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Sharks and Scuba Divers

There is a common trope going around the news media recently of using Scuba divers as stock photos when broadcasting shark attacks. We are rather concerned about this for a plethora of reasons. Primarily, shark attacks are rare. Even in years where there seem to be more than normal like this year, on average only 16 shark attacks happen per year in The United States. Of these 16, only one fatality per 2 years occurs. Most of these attacks are instances are within 2 feet of water.

While less than 20 humans are killed each year due to sharks, humans kill anywhere from 20 to 100 million sharks each year. Also, over 375 million shark species have been identified. However, only about a dozen of those are considered to be dangerous to humans. These numbers are overwhelmingly in defense of sharks.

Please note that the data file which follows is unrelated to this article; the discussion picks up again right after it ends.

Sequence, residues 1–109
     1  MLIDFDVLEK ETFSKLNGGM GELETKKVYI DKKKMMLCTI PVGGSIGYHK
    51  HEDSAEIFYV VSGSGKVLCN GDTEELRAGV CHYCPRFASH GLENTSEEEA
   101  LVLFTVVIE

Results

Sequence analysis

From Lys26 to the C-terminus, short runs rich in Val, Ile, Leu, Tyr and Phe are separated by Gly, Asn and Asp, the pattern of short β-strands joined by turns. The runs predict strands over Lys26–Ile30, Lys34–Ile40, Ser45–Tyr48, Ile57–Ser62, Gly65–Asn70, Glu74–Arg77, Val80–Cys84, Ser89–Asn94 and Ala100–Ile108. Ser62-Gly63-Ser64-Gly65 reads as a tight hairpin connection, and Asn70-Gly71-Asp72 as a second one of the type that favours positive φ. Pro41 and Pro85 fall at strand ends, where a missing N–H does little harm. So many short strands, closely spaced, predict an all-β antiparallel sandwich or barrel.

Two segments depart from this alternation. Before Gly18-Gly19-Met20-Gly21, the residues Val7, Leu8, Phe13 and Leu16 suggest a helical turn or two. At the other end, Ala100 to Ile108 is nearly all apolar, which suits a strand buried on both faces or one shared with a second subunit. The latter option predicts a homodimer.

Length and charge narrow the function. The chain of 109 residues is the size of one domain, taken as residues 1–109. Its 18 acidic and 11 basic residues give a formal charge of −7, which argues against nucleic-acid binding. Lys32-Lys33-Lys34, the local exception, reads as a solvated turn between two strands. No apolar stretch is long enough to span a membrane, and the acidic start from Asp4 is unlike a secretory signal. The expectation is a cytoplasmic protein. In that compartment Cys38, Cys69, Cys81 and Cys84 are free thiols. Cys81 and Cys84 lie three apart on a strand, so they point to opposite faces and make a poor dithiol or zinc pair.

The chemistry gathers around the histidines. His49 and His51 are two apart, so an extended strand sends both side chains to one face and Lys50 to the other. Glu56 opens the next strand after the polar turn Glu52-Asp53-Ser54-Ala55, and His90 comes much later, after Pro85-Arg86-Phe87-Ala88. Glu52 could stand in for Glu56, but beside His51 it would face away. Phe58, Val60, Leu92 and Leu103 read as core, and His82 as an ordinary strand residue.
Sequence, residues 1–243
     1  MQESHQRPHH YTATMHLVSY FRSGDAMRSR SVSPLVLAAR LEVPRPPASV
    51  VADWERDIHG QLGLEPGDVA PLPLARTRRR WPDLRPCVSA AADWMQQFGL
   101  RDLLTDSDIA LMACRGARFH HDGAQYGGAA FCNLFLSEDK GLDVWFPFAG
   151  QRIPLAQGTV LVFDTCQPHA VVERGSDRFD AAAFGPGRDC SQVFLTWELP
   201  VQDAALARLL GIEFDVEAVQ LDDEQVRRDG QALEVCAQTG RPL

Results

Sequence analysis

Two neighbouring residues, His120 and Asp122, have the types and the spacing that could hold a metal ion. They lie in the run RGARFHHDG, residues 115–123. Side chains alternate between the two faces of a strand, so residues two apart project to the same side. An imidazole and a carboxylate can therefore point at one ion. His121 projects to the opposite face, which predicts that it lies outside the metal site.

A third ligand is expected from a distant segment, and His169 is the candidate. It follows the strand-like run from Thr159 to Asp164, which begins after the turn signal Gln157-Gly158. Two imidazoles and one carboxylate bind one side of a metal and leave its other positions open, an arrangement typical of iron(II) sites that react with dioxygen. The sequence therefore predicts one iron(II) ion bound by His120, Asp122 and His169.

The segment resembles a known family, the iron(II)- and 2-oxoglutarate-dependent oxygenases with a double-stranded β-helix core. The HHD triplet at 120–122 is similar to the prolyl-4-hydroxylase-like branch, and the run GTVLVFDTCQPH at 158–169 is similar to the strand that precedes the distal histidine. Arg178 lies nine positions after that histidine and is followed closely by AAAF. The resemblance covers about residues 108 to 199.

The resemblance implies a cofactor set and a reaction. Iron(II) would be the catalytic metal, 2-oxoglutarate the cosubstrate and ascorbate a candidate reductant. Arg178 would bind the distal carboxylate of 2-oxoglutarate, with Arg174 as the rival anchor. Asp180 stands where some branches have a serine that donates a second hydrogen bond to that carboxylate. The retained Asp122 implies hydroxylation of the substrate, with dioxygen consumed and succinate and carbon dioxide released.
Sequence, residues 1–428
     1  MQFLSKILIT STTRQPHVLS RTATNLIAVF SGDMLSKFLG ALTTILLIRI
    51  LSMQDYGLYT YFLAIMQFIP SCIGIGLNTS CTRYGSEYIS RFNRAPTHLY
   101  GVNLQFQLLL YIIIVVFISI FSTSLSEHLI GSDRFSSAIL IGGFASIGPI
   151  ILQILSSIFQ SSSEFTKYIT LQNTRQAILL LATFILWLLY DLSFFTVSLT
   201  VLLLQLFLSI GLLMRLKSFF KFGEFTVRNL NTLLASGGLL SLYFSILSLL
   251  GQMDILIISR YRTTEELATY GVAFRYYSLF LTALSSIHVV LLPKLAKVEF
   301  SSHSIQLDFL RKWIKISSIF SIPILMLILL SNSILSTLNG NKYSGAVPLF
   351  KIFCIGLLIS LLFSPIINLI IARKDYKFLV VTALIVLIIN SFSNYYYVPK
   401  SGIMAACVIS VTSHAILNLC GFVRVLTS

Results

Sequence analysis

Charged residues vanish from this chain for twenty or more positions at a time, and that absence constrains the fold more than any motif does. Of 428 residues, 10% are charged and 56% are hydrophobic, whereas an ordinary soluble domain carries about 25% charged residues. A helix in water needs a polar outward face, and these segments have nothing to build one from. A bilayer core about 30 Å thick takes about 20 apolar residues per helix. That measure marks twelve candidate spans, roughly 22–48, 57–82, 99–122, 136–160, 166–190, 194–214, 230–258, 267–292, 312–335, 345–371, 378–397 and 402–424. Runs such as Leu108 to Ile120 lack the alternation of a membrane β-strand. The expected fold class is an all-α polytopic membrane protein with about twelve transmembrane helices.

With all this information about sharks in general, it is even rarer that sharks attack scuba divers. The fact is that sharks don’t typically feel threatened when they are in their own environment, where divers will run across them. Since most shark attacks occur close to shore, Scuba divers are typically much safer than surfers or shoreline wanderers.

We hope that these statistics can serve as a calming reminder to any potential new divers, as well as more experienced ones. We send our condolences to all of those effected by shark attacks. We realize it is a sensitive topic. However, we are not willing to stand back and let Scuba diving be viewed as a threat to one’s safety, when there is no factual evidence to prove so.